Last updated 16/10/2017
Bush passionfruit, or passiflora foetida, is a relative of cultivated passionfruit and native to Central and South America. It was introduced into Australia around 1880 and has since become an invasive species, extremely common across the top end of Australia. It’s a creeping, scrambling vine, often found growing over and around other plants and trees, but can also be found as a ground cover. Sometimes thin and scraggly, sometimes dense and lush, depending on conditions. It can grow in arid conditions but prefers some water. It prefers plenty of sun so usually isn’t found in dense forests. The scientific name foetida is Latin for stinking, apparently because the plant emits a strong odour when damaged. I haven’t actually noticed any strong smells when foraging for the fruit.
Bush Passionfruit produce fruit at various times of the year. The fruit are initially green, turning yellow when ripe. The fruit are encased in a unique net which makes the species easy to identify. This feature, along with the fact that they are so common, makes them a good bush tucker for amateurs like me to go out and try. The fruit contain black seeds and a sweet tangy pulp, both of which are edible. The taste is similar to cultivated passionfruit, maybe slightly milder. The unripe green fruit are supposedly poisonous and the leaves and stems can irritate skin although I have never experienced any problem. Another source indicates it’s only the net around the fruit that is poisonous.
Checkout outbackjoe on facebook
back to Bush Tucker, Plants and Animals
One of my personal favourites…. very high in Vitamin C and great for the immune system. You can also cook and eat the young leaf tips
Thanks Zane, I’ll have to give the leaf tips a try next time I’m up north.
Was recently voted at a Weed Forum as one of the worst weeds of the Kimberley. Is rapidly taking over the Dampier Peninsular spread by birds, us humans and vehicles. SADLY it is edible and quite tasty.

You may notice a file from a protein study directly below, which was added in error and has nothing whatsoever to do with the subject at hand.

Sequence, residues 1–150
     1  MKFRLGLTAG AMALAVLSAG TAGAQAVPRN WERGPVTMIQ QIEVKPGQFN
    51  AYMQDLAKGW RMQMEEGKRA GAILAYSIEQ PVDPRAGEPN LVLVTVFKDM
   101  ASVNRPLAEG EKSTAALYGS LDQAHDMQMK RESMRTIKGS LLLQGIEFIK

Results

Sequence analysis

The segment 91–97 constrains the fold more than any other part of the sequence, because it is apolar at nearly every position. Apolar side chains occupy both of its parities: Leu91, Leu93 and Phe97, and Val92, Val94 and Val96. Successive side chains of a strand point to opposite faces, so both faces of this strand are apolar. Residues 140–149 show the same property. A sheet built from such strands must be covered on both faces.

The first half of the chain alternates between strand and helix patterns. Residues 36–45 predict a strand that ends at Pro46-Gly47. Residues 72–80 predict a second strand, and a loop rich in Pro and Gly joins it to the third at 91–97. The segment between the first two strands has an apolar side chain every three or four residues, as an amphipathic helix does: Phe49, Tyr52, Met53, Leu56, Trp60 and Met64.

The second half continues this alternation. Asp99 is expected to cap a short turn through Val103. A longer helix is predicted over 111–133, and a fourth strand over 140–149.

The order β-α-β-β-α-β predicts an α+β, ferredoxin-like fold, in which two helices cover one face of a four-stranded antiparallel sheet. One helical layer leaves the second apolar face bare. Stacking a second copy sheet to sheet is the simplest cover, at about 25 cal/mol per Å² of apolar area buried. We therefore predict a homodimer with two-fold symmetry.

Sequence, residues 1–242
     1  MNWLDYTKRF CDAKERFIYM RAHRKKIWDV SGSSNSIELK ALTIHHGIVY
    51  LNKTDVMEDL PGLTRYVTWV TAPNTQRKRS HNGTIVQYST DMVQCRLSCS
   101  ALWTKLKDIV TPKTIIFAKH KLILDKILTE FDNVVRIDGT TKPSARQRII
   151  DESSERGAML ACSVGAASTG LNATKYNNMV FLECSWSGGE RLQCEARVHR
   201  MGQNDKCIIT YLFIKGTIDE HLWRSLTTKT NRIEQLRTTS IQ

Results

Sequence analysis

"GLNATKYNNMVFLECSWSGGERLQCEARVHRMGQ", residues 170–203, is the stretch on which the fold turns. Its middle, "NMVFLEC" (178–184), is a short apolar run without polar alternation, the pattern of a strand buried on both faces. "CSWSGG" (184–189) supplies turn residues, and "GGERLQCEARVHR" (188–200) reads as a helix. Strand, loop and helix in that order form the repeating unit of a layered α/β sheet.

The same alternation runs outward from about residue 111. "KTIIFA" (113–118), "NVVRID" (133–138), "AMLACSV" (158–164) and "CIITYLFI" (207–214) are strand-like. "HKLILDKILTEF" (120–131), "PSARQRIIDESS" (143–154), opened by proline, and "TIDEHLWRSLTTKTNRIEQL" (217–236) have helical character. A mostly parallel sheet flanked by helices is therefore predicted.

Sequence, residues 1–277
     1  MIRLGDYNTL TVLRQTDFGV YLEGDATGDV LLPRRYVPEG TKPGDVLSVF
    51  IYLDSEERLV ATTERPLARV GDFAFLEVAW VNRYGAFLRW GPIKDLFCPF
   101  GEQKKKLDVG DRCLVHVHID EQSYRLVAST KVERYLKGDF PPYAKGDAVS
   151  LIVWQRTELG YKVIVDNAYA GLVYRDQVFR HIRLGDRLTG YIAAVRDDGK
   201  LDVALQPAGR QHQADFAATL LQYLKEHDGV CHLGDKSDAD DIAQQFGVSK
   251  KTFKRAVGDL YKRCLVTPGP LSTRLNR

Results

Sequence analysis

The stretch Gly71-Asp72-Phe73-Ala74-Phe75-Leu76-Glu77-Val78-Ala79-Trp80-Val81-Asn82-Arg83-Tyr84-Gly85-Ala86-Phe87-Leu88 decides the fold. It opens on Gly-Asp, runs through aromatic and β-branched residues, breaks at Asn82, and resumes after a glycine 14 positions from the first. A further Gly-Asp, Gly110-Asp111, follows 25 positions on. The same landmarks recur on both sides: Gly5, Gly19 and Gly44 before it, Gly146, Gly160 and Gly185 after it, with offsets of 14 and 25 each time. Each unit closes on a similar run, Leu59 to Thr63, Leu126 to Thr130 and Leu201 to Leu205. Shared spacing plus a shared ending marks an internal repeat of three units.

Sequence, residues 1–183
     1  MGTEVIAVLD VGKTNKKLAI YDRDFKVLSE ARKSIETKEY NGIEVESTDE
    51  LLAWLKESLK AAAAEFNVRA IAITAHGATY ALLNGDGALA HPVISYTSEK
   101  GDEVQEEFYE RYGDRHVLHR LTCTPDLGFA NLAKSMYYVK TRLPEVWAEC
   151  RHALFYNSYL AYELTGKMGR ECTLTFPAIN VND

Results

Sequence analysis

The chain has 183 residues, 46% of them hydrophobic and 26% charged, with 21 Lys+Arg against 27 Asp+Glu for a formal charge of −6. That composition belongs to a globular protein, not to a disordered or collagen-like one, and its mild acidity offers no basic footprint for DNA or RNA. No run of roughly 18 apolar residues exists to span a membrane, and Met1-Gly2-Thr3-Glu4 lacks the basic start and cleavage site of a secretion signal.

Yeah it’s all over the joint in NT. Birds love it.
May I know if any part of this fruit undergone phytochemical screening? Thank you😊
Hi Roa a simple amateur bushman like myself don’t know anything about that fancy stuff.
Thank you 🙂 We recently moved into a house in Borroloola NT and I have wondered what it was that was growing in our yard…Today I took the plunge and opened one and had a fair idea it was related somehow to a Passionfruit. After reading this I’m taking a plunge and going to taste one.
Borroloola ay, you’re in pretty remote country, interesting part of oz I reckon. I caught a nice barra there. Did you taste the fruit? Any good?
Can you grow these bush passionfruit in tassie if it was in a green house
I don’t know sorry. They’re made for the tropics but green house might sort it but I’m not a horticulturist.
How can I get rid of it without chemicals preferrably please? I really need it gone
Gotta rip em up i spose
Stephanie, rip them out but wear gloves. The sap may be toxic to people. Also bin and bag any ripe fruit so the seeds don’t spread.
From the Qld Govt Biosecurity site:
Stinking passionflower (Passiflora foetida) is regarded as an environmental weed in Queensland, the Northern Territory and northern Western Australia.
Stinking passionflower (Passiflora foetida) is also a weed of crops and pastures in northern Australia. While its ripe fruit are edible, its leaves contain cyanic acid and are thought to be poisonous to people and livestock.